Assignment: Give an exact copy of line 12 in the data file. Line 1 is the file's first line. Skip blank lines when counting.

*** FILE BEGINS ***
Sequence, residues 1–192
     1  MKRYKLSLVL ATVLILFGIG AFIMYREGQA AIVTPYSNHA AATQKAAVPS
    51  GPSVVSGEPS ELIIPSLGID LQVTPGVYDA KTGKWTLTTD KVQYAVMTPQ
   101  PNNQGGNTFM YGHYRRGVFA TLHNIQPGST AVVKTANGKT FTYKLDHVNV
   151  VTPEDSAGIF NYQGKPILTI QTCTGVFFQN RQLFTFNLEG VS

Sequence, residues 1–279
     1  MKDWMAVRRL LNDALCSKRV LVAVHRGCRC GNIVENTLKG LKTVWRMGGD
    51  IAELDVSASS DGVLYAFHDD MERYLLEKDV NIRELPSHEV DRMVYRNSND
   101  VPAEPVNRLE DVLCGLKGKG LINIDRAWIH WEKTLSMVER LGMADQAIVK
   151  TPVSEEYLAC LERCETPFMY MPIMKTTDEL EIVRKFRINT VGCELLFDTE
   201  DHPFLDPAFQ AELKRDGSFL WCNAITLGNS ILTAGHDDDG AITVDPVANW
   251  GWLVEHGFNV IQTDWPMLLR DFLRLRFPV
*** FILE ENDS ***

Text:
   251  GWLVEHGFNV IQTDWPMLLR DFLRLRFPV